This deck offers a lot of room tinkering. Most of the card options feel like lateral moves, where cards can help sure up some matchups at the cost of giving ground in others. Over the past 6 months, I’ve played about 200 matches with Steel Stompy, and I’ve almost never submitted the same 75 cards twice in a row. The most significant leap in the development of my Steel Stompy list was the realization that the majority of my losses came from the following two interactions: Delver vs. Ancient Tomb and Lodestone Golem vs. Lightning Bolt or True-Name Nemesis.
While Ancient Tomb is the best land in the deck due to its ability to cast Chalice of the Void on Turn 1, the 2 Life cost of activating it adds up, especially when the damage is compounded by an Insectile Aberration clocking in at you. Taking 5 damage per turn is not sustainable for very long. While the deck needs its full count of Ancient Tombs, it must also be constructed in a manner to remove Delver of Secrets quickly.
While the opportunity to play 4 of the Vintage-restricted Lodestone Golem is one of the factors that drew me to Legacy Steel Stompy in the first place, it was matching up poorly against some of the most commonly-played cards in the format. This led me to cut Lodestone Golem entirely. On my first go-round, I replaced it with 2 Etched Champion and 2 Phyrexian Metamorph. The Metamorphs were frequently great, serving as my own True-Name Nemesis, Endbringer, Marit Lage, or just another Thorn of Amethyst. The Etched Champions underperformed, as opponents could frequently just take me off Metalcraft to kill it. I decided to try playing the best card from Steel Stompy’s colorless counterpart: Thought-Knot Seer. In addition to surviving Lightning Bolt, Thought-Knot Seer just as good as Lodestone Golem against combo decks, and also lets you snipe True-Name Nemesis, Back to Basics, or dangerous equipment out of a Stoneblade opponent’s hand.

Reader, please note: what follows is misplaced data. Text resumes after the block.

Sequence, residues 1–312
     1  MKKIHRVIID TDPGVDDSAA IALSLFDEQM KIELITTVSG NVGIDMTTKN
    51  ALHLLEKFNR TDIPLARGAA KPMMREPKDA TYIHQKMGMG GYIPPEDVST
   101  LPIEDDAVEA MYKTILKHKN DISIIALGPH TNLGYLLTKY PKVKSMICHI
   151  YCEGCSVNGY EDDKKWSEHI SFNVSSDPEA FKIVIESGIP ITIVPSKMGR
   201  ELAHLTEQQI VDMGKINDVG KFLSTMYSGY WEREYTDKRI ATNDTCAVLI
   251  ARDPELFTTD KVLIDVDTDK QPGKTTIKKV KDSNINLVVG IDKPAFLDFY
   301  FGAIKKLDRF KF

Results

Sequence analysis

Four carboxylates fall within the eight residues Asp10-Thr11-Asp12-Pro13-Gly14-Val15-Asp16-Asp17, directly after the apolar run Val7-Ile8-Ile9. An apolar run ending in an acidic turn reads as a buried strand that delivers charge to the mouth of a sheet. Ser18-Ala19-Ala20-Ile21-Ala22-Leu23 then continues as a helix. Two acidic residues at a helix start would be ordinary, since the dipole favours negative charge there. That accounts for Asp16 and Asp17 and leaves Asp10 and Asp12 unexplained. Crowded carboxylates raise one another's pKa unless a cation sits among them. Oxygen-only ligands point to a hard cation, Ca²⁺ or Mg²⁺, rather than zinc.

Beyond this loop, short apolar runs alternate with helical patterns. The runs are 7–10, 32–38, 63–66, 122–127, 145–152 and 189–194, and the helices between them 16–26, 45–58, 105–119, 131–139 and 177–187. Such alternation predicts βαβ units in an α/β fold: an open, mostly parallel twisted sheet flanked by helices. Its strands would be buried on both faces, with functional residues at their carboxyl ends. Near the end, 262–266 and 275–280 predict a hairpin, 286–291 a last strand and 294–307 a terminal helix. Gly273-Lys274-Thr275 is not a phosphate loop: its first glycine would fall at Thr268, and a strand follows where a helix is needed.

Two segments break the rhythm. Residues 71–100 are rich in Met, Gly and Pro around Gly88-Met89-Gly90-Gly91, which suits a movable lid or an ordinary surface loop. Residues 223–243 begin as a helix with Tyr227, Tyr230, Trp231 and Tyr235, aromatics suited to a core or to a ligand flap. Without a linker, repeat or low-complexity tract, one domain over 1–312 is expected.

If Lodestone Golem is poorly positioned, and Thought-Knot Seer isn’t, why not just play Eldrazi? While at least part of the answer is that Steel Stompy is just a lot more fun to play, I think that the artifact creatures enable winning through a lot of conditions that Eldrazi can’t beat, such as a 6-toughness blocker, an early Blood Moon, or an Ensnaring Bridge. In Eldrazi Aggro, once you present a few 3/2s, 4/4s, and 5/5s, that’s all you’ve got. If your opponent has good blocks, there’s really not much you can do about that. In Steel Stompy, however, Arcbound Ravager allows you to attack with a set a creatures, and depending on how your opponent blocks, sacrifice things and throw counters around to be maximally beneficial to you. In addition to presenting lethal damage out of nowhere, a more modest use of Arcbound Ravager is just to make the deck more resilient against removal. It’s not just Arcbound Ravager that’s great; Steel Overseer and Walking Ballista can break almost any board stall given a couple of turns. Where Eldrazi Aggro would get stuck, Steel Stompy can continue to grow its board presence well past the ceiling of Eldrazi.